2 sujets /DACM/LEDA

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ADVANCED AND ARTIFICIAL INTELLIGENCE TECHNIQUES TO MITIGATE LINEAR AND NON-LINEAR IMPERFECTIONS IN FUTURE CIRCULAR COLLIDERS

SL-DRF-23-0198

Research field : Accelerators physics
Location :

Département des Accélérateurs, de Cryogénie et de Magnétisme (DACM)

Laboratoire d’Etudes et de Développements pour les Accélérateurs (LEDA)

Saclay

Contact :

Barbara Dalena

Starting date : 01-10-2022

Contact :

Barbara Dalena
CEA - DRF/IRFU/DACM


Thesis supervisor :

Barbara Dalena
CEA - DRF/IRFU/DACM


Personal web page : http://dalena.web.cern.ch/dalena/

Laboratory link : http://irfu.cea.fr/dacm/index.php

After the discovery of the Higgs boson at the LHC, particle physics community is exploring and proposing next accelerators, to address the remaining open questions on the underlying mechanisms and on the constituents of the present universe. One of the studied possibilities is FCC (Future Circular Collider), a 100-km-long collider at CERN. The hadron version of FCC (FCC-hh) seems to be the only approach to reach energy levels far beyond the range of the LHC, in the coming decades, providing direct access to new particles with masses up to tens of TeV. The electron version of FCC brings a tremendous increase of production rates for phenomena in the sub-TeV mass range, making precision physics studies possible. A first study has shown no major showstopper in the colliders’ feasibility but has identified several specific challenges for the beam dynamics: large circumference (civil engineering constraints), beam stability with high current, the small geometric emittance, unprecedented collision energy and luminosity, the huge amount of energy stored in the beam, large synchrotron radiation power, plus the injection scenarios. This thesis will focus on the optimization of the hadron option of the future circular collider against linear and non-linear imperfections (i.e. magnets alignments and their field quality). A key point of this thesis is the comparison of current advanced correction schemes to techniques based on machine learning. The application of these techniques to accelerators is one of current hot topics in the field and pursued worldwide.

Design of a laser wakefield accelerator

SL-DRF-23-0257

Research field : Accelerators physics
Location :

Département des Accélérateurs, de Cryogénie et de Magnétisme (DACM)

Laboratoire d’Etudes et de Développements pour les Accélérateurs (LEDA)

Saclay

Contact :

Damien MINENNA

Barbara Dalena

Starting date : 01-10-2023

Contact :

Damien MINENNA
CEA - DRF/IRFU

01 69 08 11 23

Thesis supervisor :

Barbara Dalena
CEA - DRF/IRFU/DACM


Within the CEA-IRFU (Institut de Recherche sur les Lois Fondamentales de l'Univers), the DACM (Département des Accélérateurs, de Cryogénie et de Magnétisme) is a major player at national and international level in the field of particle accelerators. It has actively participated in most of the accelerator projects of the world's leading research centres over the last decades. An important part of these activities concerns the design of accelerators, linear or circular, for high energy physics or any other scientific application. The field of particle accelerator physics requires in-depth knowledge of the beam dynamics in order to control beams perfectly. In this discipline, the DACM has also turned to new laser-plasma acceleration techniques, with a view to designing laser-plasma wakefield accelerators (LWFA) that will make it possible to significantly reduce the size and cost of future accelerators. Collaborations with international (EuPRAXIA, CERN-AWAKE) or national (LPGP-CNRS, IJCLab-CNRS) partners have been initiated for the design of LWFAs in various configurations and applications. The DACM is currently involved in the design of a reliable and compact LWFA to serve as an electron source for the AWAKE collaboration. Such an accelerator would be a world first. In order to prove its viability, the LWFA must generate reproducible high-quality beams. Detailed physical and numerical optimisations from injection to the end user will have to be implemented. The candidate will also be involved in the other LWFA projects of the DACM.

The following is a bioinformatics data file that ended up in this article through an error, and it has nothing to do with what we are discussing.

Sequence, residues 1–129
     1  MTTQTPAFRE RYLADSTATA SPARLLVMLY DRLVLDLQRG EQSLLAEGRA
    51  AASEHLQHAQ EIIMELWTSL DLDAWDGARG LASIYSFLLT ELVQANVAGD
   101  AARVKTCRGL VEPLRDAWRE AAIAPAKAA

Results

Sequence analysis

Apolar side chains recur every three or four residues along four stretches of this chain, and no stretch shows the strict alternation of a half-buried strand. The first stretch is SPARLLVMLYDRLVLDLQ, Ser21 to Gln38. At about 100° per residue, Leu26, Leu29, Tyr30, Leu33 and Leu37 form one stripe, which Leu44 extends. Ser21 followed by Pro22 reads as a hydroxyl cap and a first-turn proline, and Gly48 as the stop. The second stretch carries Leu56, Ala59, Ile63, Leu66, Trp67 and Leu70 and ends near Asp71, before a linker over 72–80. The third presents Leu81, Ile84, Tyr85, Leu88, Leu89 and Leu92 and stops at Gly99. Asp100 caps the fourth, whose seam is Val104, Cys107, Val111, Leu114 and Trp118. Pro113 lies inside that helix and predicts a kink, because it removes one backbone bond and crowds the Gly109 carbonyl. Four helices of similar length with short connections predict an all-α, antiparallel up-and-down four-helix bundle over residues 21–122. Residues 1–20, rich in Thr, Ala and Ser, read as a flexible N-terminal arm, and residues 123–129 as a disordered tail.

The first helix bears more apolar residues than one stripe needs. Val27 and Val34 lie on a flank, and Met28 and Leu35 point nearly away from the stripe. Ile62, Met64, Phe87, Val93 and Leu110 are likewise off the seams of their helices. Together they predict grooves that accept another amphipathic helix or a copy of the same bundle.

The thesis will focus on the physical and numerical study of plasma acceleration stages and transport lines between plasma stages or to the end user. The core of the studies will be the control of the quality of the particle beam (size characteristics, divergence, energy spread, ...) that results from the laser-plasma interaction and the applied electromagnetic elements. The optimal integration of the acceleration and transport sections will then be determined. At each stage, the fundamental principles for obtaining the best beam parameters will be sought, and then applied to other ALP design projects in which DACM is involved. Optimizations using machine learning algorithms are also envisaged.



The success of these studies is strongly conditioned by a solid understanding of the physical phenomena in question (6D phase space of the beam, wakefields in plasmas subjected to ultra-intense lasers, multipolar field of electromagnets) and by a good use of the corresponding simulation codes.

• Accelerators physics

 

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